9. Extend time with NDs
Neutral-density filters known as ND grads, are designed to decrease the amount of light that can enter the lens, which means you can use slower shutter speeds than you would normally. It makes creative blurring of water and clouds possible. NDs are often available in 1-, 2-, 3-, 4-, 6-, 10- and even 15-stop light-blocking densities.
10. Capture the sky details
Neutral-density graduated filters are essential landscape filters that allow reducing the amount of light that enters at the top of the frame. They then proceed to no effect at all at the bottom, leaves this area completely unaffected. It means that you can achieve the complicated job of capturing a perfectly exposed bright sky at.
11. Wait for the blue/golden hour.
The sun has set down, and it’s getting gloomy, so time to head home, right? Absolutely not! Twilight brings many opportunities, but one in which you want to hang around for is known as the ‘blue hour.’ It’s a time after sunset and the better-known as when the ‘golden hour’ has passed, where mainly blue and violet wavelengths of light are reaching the Earth. While the sky still contains flashes of red or orange, the ground is bathed in soft blue light, and the result is totall cool.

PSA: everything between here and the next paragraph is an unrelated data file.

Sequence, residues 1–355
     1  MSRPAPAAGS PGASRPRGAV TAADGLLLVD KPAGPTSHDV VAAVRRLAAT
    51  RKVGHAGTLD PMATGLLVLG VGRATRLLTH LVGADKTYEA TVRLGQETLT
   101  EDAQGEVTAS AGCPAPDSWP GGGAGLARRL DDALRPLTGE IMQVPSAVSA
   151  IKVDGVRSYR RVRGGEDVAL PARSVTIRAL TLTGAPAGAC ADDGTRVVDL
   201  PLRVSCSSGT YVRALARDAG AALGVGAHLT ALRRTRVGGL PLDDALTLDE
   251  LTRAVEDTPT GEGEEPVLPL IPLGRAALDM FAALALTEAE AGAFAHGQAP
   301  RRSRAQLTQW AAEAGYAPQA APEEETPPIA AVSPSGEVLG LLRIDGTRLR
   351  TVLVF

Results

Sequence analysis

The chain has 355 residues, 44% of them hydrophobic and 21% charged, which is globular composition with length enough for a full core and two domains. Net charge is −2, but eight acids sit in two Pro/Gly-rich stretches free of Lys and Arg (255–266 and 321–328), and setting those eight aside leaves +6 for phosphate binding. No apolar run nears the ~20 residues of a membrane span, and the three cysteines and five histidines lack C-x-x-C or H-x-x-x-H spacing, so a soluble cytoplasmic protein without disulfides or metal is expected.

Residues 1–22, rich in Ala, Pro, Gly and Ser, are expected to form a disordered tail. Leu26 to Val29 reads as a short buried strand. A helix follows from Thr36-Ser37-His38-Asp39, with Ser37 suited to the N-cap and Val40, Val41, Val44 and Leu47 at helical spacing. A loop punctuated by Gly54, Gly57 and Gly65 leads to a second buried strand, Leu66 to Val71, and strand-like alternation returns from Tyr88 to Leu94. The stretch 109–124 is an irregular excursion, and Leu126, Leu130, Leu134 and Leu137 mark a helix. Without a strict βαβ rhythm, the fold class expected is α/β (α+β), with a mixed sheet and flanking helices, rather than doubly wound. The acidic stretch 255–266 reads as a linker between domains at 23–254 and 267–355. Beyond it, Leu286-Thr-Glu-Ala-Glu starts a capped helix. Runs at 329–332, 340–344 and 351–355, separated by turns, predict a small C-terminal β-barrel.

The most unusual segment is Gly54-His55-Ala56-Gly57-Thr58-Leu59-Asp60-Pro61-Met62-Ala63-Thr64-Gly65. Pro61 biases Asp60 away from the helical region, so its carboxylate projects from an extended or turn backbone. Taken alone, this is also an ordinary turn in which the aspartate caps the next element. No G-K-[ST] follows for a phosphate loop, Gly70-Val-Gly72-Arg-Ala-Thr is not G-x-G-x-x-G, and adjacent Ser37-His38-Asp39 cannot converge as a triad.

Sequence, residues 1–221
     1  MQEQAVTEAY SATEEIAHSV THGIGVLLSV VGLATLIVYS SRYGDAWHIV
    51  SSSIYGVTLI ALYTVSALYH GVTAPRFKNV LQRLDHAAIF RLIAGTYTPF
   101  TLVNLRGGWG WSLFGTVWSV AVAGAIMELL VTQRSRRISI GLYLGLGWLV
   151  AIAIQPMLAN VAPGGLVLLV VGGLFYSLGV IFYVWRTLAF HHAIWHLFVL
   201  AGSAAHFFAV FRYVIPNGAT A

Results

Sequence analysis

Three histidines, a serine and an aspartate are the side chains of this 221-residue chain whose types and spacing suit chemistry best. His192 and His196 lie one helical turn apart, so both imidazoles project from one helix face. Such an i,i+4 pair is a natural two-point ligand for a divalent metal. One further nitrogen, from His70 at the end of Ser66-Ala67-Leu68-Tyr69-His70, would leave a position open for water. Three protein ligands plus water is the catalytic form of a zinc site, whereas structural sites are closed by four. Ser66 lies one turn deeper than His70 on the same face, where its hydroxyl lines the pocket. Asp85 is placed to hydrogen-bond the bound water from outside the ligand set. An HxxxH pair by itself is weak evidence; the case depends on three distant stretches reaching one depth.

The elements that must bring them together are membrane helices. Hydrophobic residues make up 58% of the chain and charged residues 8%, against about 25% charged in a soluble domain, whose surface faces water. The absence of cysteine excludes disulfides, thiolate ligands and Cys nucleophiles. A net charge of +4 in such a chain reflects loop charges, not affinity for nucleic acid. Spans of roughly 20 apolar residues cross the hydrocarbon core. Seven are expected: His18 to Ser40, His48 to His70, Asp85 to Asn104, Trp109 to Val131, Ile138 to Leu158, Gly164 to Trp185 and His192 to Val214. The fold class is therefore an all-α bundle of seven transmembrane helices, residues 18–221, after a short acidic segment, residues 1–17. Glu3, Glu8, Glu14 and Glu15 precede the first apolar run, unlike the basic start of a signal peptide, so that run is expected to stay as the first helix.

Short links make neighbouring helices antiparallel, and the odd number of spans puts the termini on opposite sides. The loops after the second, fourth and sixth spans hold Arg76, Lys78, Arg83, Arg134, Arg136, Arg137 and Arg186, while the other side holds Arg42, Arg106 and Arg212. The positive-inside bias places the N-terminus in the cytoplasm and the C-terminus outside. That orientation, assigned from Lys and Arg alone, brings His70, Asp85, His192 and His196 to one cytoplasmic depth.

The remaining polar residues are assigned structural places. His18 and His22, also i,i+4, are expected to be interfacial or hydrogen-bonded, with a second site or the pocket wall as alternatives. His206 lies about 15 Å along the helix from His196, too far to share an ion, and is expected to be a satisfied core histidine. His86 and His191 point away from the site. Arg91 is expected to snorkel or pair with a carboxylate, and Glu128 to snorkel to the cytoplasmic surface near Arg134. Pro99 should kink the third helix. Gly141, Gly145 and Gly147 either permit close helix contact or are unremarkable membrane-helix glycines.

12. Insert a touch of drama.
A cloudy day may not provide a colorful sunrise or sunset, but what it can do is give a full day of shooting. As long as the sky isn’t a limitless span of grey and feature is present in the clouds, you can shoot incredibly moody images. And, of course, if the sun does ensue to break through for a moment, it will look amazing.
13. Generate a visual balance.
A great light, the right weather conditions, and perfect coverage, the composition is one of the most important aspects of landscape photography. Composition is simply a term to describe how elements of the view are settled within the image frame. There are many devices or tricks one can use to give shots visual balance and draw the viewer into them.